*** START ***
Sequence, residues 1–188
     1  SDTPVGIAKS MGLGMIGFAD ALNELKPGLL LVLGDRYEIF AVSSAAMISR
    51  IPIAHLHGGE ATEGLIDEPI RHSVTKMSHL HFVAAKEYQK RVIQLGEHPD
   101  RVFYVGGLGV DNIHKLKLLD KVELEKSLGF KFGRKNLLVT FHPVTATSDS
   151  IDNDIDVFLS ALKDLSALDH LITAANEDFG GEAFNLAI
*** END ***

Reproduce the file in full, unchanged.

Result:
Sequence, residues 1–188
     1  SDTPVGIAKS MGLGMIGFAD ALNELKPGLL LVLGDRYEIF AVSSAAMISR
    51  IPIAHLHGGE ATEGLIDEPI RHSVTKMSHL HFVAAKEYQK RVIQLGEHPD
   101  RVFYVGGLGV DNIHKLKLLD KVELEKSLGF KFGRKNLLVT FHPVTATSDS
   151  IDNDIDVFLS ALKDLSALDH LITAANEDFG GEAFNLAI